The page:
The next day John sees Jesus coming to him, and said, Behold the Lamb of God, which takes away the sin of the world.
Doth not St. John call Christ "a Lion"? (Revelation 5:5). Why then doth the Baptist call Him a Lamb? The lion and the lamb, the prophet Isaiah tells us, shall both "dwell together in the days of Christ": but may they both be together in the Person of Christ? not only in one place together, but also in one case together? Different respects may tie discordant titles unto one subject. His courage against Satan, whom He conquered, His patience among men, whom He suffered, declared there was met in one Messias the stoutness of a lion, and the meekness of a lamb. St. Bernard's distinction so determines it; He rose like a lion, but he suffered like a lamb.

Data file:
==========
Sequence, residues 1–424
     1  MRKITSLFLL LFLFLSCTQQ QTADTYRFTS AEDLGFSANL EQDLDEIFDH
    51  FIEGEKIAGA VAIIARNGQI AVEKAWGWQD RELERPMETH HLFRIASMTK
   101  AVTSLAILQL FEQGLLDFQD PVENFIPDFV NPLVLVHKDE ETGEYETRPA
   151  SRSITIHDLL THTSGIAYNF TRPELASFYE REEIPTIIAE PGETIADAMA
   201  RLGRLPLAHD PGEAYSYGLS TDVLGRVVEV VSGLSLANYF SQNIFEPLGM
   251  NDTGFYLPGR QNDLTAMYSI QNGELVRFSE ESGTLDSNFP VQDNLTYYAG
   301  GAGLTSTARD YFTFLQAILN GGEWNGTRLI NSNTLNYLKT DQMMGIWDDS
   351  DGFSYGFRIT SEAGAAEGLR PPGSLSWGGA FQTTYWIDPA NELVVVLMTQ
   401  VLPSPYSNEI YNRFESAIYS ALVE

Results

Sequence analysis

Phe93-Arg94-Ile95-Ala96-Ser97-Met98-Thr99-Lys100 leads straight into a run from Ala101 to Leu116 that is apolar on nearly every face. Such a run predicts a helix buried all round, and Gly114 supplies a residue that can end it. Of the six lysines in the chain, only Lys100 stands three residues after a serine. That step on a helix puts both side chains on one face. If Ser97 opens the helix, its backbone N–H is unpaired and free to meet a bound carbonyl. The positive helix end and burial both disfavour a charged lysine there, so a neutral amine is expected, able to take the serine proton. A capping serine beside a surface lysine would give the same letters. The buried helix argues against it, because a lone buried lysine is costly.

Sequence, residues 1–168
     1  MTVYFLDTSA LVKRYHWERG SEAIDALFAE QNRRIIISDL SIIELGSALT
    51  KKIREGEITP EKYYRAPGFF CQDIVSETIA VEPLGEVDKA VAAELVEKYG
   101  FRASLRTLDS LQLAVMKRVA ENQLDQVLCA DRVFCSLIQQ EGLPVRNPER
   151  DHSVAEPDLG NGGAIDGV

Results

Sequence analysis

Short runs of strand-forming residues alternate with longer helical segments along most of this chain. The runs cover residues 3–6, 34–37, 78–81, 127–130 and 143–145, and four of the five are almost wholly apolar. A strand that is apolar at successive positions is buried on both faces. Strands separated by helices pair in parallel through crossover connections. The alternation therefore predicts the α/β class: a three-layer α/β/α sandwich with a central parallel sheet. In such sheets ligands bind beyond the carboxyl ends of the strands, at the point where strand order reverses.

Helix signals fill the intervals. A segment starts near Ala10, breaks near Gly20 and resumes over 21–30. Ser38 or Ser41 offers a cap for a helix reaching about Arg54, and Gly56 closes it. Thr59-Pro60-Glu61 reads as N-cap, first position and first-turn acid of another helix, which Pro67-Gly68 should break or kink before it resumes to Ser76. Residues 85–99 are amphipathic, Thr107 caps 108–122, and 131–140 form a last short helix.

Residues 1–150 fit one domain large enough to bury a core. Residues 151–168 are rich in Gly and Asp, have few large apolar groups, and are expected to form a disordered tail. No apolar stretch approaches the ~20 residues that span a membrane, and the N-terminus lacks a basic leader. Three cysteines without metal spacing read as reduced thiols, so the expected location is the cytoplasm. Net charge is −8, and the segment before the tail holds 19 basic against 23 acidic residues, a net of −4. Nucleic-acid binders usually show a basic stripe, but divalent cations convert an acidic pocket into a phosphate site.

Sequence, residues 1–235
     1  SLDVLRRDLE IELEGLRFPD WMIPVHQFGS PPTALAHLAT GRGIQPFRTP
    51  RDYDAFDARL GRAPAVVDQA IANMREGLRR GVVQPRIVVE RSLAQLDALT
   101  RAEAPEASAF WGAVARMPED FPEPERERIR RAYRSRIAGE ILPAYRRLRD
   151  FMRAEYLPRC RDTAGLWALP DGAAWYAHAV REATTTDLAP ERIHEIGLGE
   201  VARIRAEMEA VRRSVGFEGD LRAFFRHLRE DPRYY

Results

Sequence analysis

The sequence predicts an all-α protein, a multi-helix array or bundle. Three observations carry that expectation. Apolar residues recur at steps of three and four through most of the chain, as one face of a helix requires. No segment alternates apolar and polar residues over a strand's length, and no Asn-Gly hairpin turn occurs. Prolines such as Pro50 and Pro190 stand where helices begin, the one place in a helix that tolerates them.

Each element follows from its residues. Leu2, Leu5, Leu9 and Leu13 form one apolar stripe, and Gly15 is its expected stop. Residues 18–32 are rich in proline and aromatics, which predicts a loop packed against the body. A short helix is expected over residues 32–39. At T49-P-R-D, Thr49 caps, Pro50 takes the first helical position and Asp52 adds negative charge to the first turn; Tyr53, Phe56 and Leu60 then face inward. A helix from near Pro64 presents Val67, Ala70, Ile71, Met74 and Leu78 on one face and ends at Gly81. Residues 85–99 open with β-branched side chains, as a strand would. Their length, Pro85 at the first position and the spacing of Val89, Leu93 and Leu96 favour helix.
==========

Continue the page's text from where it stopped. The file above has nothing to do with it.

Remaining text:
(R. Clerke, D. D.)
Parallel VersesKJV: The next day John seeth Jesus coming unto him, and saith, Behold the Lamb of God, which taketh away the sin of the world.